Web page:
2. Stijn says

    This past month I had several lucid dreams. (Without trying it, because I’m not good at forcing those things.)

    One dream was a nightmare where I realised I was dreaming. My fear went away in an instant. Another one was earlier this week, when I saw the yellowgreen eyes of a dragon (reptile) staring back at me. No fear, just curiousity.

    Next time, if I remember to think of it, I will strike up a conversation and see how far I can steer what happens.

    • says

      Stijn, that is amazing. I’ve only ever realized that I was in a dream once without trying, and that was when I was about 12 years old and dreamt that aliens landed in my backyard. If you do manage to strike up a conversation, let me know how you go!


      • Stijn says

        So far the conversation has mostly been me, shouting, things like: “What do you think you are doing here?” If this is part of lucid dreaming, how can you have a conversation? As far as I’ve understood, you’d be having a conversation with yourself, right?

        • says

          You’d be having a conversation with your unconscious mind, yes. This can be very revealing and beneficial if approached in the right way. Many people receive long sought-after answers to questions. You’re lucky to have such a skill come to you so easily!

          All the best,


  3. William says

    I’m still new to lucid dreaming. I attempted it a few years ago without success, but tried again this year and I’ve been doing it for the past few months. I still have a LOT to learn and I started with minimal directions. The main one being, just think about what you want to dream about. I myself can usually tell I am dreaming. I’ve never had that problem, but I would always have zero control over what I was dreaming about as well. I still struggle with full control, but I am able to change what I am doing or I can have some basic control of what I want to dream about. Sometimes I will dream something I had zero desire to dream about, but being able to change it up. One example; I was dreaming that I was working in a really crowded airport. Why, I don’t know. It wasn’t a “bad” dream, but I was working in my dreams. When I realized I was dreaming and not actually at work, I stopped working and then started walking around wherever I wanted. I turned around and the owner of Dogfish Head beer was giving away samples at a kiosk. I woke up shortly after that, but I was able to turn boring it to something much better. I’ve been able to have a few sex dreams, but I don’t have the control that I want.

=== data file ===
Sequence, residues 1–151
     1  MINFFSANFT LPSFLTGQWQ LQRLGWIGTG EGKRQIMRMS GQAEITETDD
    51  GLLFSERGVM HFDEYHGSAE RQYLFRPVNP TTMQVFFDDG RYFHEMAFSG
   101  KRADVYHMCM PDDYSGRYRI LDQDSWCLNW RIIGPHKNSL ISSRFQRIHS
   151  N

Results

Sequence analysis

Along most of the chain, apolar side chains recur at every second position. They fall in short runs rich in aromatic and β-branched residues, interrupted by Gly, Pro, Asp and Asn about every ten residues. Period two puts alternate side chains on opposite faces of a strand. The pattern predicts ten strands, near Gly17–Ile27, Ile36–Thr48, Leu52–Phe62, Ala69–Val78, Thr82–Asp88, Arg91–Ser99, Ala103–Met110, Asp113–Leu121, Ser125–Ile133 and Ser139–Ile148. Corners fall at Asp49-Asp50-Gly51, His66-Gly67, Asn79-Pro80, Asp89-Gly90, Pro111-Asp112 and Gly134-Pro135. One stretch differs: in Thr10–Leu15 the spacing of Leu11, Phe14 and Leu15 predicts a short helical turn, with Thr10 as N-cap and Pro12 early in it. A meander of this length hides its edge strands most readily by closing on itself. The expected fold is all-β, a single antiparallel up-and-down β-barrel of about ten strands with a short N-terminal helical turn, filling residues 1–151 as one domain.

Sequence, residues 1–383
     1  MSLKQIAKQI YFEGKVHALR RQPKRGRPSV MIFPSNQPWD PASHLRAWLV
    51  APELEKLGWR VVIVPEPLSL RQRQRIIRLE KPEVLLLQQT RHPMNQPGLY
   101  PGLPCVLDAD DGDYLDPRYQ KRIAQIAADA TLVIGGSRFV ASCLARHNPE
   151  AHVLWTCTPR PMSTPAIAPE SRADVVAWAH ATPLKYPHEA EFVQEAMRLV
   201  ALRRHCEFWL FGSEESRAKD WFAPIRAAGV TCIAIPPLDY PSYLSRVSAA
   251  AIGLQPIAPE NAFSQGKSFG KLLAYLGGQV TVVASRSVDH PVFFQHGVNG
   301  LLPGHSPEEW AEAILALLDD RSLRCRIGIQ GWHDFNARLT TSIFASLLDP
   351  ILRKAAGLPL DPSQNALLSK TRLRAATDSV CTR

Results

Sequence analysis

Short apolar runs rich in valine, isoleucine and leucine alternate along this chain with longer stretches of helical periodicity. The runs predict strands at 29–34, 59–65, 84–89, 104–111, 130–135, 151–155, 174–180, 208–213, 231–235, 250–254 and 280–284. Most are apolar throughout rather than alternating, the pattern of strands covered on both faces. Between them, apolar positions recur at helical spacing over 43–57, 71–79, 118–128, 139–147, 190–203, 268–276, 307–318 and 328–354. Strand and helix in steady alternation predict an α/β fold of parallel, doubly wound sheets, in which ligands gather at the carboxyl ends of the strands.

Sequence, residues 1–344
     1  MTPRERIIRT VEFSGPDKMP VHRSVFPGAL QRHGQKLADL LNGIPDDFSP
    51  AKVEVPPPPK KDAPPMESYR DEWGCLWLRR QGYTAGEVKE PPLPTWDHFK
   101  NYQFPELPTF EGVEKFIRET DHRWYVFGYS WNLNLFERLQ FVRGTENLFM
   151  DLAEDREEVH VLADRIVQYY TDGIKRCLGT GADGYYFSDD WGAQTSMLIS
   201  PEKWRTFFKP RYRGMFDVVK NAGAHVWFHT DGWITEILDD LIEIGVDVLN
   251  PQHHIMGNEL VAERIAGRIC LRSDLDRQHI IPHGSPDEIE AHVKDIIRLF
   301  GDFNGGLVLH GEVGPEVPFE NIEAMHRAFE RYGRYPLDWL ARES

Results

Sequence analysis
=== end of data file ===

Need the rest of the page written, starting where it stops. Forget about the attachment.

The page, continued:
The best part is, I can tell I am dreaming more often. Almost every night. Sometimes I forget everything right away, but I can tell what I was dreaming about shortly after. I will have to try writing them down more often and using some of the tools suggested. Lucid dreaming is great and I’m pretty new at it and I still have a long way to go. I can only imagine how good it can be if I have much more control of my dreams. I’ve yet to try other worlds, travel, etc.

    • says

      You’re making some exciting progress William. :)
      I still struggle with becoming fully aware of dreams while they are happening, but lucid dreaming is certainly a fascinating past time, full of lots of potential.

      All the best with your dreamscaping,


  4. Luna says

    I was just wondering about this article. What if I can’t recall my dreams at all? Whenever I wake, I can’t remember my dreams, and it seems as though I just slept through pitch black and no dreams. I wish I could, but I don’t know how. How can I lucid dream if I can’t remember my dreams?

    • says

      Hey Luna. Sol (co-author) has similar problems, and finds that whenever he takes Valerian (a herbal supplement) he manages to recall his dreams. I am not an expert in Lucid Dreaming by any means, but you may find this to be one option. I’m not sure whether you’ve heard at all of Valerian, but it is non-addictive, and non-harmful, acting as a mild sedative and relaxant. Valerian can usually be found in any supermarket or chemist for around $6-$10.

  5. Antoine Martin says

    I talked to a friend of mine about lucid dreaming. I was slightly distabilized when she said “Why would you want to that?”. She said she doesn’t want to be able to be control her dreams. Because to her the act of controlling her dreams removes the surprise aspect of them. And I’d be inclined to agree that you cannot really dicypher a dream that you control.

    I think emphasis needs to be put on being an observer rather than an controller. Or rather, being able to know your dreaming, but still not be able to control your dream. So you become a participant

    Any thoughts on that matter?

    • says

      Nice thoughts Antoine.
      It really depends on the person, for instance, some people prefer being able to control their dreams every once in a while for practical reasons (helps them to figure out problems, practice athletic moves, rehearse speeches etc.), while others enjoy the invigorating sensation of being able to do and wish up whatever they desire. Other people enjoy gathering symbolic and psychologically revealing information (as in the case of dream interpretation), and this really requires the person to be a passive observer, as you say. So there really is no one right or wrong way to approach Lucid Dreaming. In the end, it is really dependent on the individual person and their needs. Does this make sense?

    • William says

      The reason for lucid dreaming is to learn the power of the mind and control it. The power of the mind has been completely lost on western civilization. What some people claim the mind can do can sound down right like hippy gibberish. I for one have witnessed and practiced mere basic levels of lucid dreaming, medication, positive thinking, etc and it is changing everything. I will spend the rest of my life trying to control my own mind.

      The reason for controlling your mind is it can effect your health, lively hood, the meaning of life, etc. Lucid dreaming is just a small step, but if you can control your dreams, you get empowered to change your life how you want it.